This prominent writer’s reasoning for shunning the method is that those who use it, by definition, lack intention.
Now, I will agree that intention matters. If you are faking being a doctor to pick up chicks and get a stack of money, but lack any medical training or accreditation, then I will agree that this is harmful. I think you would struggle to find anyone of sound mind who would defend this kind of egotism.
But as with most things in life, the key is intent.
And let’s not miss a fundamental flaw in the original assessment – if you are faking something until you make something, you already have intent! Otherwise, why bother faking anything if there is nothing that you hope to achieve?
Of course, there is a difference between good and bad intentions, as I outlined above, but it is not intellectually honest to suggest that people who pretend to be something else do not possess a motive for inciting that change – to suggest so is an asinine proposition.
Sure, you might say that I could (or perhaps even should) have thrown my hands in the air in the scenario that I found myself in, packed my bags, put on my coat, driven home and never answered any calls from my company or client as to my whereabouts.
I can’t say that the thought didn’t cross my mind towards the end of day one.
But how can anyone grow stronger without putting themselves in challenging circumstances, particularly where there is no potential harm to others?
Anyone who has an elementary understanding of bodybuilding knows that you do not gain muscle without first stressing that muscle, and that concept holds true for your character as well.
So what did I do? I faked it until I made it. In a process that took months, I started to convince myself that I had more experience than my résumé betrayed.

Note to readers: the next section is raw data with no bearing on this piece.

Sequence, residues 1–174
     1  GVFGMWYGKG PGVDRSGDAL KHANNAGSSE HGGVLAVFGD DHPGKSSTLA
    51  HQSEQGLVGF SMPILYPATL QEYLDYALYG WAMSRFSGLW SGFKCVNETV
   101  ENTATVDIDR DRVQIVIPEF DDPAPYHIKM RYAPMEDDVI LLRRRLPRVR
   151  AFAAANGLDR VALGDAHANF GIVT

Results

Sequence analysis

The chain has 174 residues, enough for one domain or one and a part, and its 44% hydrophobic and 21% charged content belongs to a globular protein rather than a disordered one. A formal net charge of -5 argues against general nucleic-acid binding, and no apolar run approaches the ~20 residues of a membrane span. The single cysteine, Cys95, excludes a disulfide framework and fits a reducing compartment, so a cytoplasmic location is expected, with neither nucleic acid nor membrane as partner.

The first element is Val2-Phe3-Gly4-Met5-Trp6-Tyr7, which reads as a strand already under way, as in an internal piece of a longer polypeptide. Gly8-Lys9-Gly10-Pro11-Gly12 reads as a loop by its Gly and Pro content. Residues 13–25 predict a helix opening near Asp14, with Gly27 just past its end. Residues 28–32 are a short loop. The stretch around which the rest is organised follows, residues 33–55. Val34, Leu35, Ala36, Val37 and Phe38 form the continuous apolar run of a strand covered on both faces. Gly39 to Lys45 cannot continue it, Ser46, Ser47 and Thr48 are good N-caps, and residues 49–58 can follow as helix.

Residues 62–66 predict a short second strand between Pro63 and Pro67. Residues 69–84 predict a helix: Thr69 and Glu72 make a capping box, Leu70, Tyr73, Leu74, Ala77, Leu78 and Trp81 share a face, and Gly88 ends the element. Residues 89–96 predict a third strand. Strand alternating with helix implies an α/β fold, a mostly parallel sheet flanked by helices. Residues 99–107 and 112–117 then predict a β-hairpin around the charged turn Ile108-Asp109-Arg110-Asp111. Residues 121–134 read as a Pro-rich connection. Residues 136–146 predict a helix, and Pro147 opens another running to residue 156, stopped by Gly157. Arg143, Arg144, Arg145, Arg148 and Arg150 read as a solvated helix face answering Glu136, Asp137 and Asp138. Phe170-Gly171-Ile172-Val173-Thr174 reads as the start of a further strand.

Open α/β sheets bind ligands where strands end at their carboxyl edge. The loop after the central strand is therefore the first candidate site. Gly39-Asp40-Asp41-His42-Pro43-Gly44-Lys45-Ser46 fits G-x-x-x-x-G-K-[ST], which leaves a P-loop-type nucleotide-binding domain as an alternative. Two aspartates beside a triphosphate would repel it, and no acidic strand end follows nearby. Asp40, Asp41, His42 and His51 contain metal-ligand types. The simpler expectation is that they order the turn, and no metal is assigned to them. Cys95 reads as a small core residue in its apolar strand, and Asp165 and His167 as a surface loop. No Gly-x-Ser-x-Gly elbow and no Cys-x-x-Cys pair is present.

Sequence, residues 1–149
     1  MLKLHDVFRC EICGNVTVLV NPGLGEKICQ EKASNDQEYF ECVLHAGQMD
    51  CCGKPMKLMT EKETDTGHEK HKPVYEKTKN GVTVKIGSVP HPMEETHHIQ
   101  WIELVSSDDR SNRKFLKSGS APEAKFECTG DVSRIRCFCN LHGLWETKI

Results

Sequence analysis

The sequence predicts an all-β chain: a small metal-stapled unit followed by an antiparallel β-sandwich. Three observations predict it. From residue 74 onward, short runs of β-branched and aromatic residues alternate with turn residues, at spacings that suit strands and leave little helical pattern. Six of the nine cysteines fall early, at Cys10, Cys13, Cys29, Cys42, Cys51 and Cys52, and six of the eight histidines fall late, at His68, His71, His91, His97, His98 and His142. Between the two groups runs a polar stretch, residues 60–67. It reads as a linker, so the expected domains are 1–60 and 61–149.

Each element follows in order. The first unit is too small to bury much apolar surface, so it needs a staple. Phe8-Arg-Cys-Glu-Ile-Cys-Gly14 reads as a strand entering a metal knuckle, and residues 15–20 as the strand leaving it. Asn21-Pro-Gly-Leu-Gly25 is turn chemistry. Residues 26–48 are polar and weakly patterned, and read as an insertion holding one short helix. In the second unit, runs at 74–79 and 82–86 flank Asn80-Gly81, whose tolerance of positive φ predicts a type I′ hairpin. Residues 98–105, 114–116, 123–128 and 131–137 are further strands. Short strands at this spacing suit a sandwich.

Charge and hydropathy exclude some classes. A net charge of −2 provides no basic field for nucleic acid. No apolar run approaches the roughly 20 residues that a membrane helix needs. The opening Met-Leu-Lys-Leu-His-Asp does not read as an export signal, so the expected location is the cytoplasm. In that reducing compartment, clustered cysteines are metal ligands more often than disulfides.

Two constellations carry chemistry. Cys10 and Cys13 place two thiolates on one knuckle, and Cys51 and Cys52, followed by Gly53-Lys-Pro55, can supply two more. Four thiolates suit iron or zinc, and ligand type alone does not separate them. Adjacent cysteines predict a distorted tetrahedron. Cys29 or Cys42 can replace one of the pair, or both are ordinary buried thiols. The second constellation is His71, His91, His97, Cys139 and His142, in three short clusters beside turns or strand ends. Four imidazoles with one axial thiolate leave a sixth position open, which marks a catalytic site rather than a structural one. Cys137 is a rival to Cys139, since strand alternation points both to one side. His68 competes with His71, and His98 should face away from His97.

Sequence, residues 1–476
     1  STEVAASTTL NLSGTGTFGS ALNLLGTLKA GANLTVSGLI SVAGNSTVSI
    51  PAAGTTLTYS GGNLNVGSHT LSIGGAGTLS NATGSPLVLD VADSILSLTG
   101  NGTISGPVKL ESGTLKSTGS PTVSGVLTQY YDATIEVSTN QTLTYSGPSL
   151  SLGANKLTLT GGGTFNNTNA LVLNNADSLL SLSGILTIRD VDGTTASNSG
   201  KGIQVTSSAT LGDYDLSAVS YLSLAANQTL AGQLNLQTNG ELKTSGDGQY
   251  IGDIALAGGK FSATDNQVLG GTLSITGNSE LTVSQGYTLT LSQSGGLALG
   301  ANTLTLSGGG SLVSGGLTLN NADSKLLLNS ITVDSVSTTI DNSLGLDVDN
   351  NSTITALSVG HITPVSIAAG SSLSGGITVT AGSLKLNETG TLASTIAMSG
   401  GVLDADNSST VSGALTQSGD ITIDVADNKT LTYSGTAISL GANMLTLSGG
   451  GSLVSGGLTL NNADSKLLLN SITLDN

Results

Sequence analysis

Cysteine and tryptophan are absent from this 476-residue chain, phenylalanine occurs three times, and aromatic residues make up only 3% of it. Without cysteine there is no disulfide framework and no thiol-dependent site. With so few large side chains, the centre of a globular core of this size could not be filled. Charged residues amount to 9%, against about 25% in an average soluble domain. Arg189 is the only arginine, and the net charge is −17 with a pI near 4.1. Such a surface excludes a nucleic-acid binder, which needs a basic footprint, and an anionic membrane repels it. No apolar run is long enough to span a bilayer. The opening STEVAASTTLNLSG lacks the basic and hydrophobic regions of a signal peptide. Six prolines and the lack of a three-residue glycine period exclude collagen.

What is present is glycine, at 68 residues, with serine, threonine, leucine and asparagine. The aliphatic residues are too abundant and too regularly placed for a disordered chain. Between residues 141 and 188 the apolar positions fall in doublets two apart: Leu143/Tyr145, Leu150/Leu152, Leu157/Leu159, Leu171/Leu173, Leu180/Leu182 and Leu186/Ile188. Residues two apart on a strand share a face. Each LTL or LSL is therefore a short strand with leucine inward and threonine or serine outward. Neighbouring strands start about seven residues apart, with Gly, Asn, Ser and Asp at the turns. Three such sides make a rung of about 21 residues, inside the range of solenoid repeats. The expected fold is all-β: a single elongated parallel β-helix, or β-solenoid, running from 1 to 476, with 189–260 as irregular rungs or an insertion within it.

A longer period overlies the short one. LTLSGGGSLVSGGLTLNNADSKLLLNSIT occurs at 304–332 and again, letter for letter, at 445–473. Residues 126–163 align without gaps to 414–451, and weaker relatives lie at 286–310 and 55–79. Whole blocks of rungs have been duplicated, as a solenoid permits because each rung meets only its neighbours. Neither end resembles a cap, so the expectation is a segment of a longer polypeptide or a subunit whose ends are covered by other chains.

It is important to stress that this was an internal phenomenon only. I did not make grand claims without basis, nor did I falsify my experience when asked. It was simply that I began to think like an experienced person in my field.
My intent was of course to learn my new environment and analyse the problem as quickly as possible.
If I began panicking about the difficult questions flying my way, I would ask myself:
“What would a more confident, experienced version of myself do in this given scenario if they didn’t know what to do?”
The answer to that situation was of course, research.
And by that afternoon, I had established which systems were mine to manage, what the nature of the fault was, and I had identified that the fault resided outside of my sphere of control. I even had a list of potential root causes for my client to investigate, thanks to all of the research that I did while “faking it”.
This is the field that I am now successfully working in today, thanks to my willingness to “fake it” a few years ago.
And I have found it useful in other areas of my life. Until May last year, I had never published any of my writing. But I began to think like the writer that I hoped to be – a fictitious future projection of myself, and I have found myself being inevitably pulled towards that mindset.
In other words, there is gradually less faking and more actualization.
Faking it until you make it isn’t the preserve of phonies.
But shying away from self-development out of fear of facing your ego is absolutely the definition of cowardice.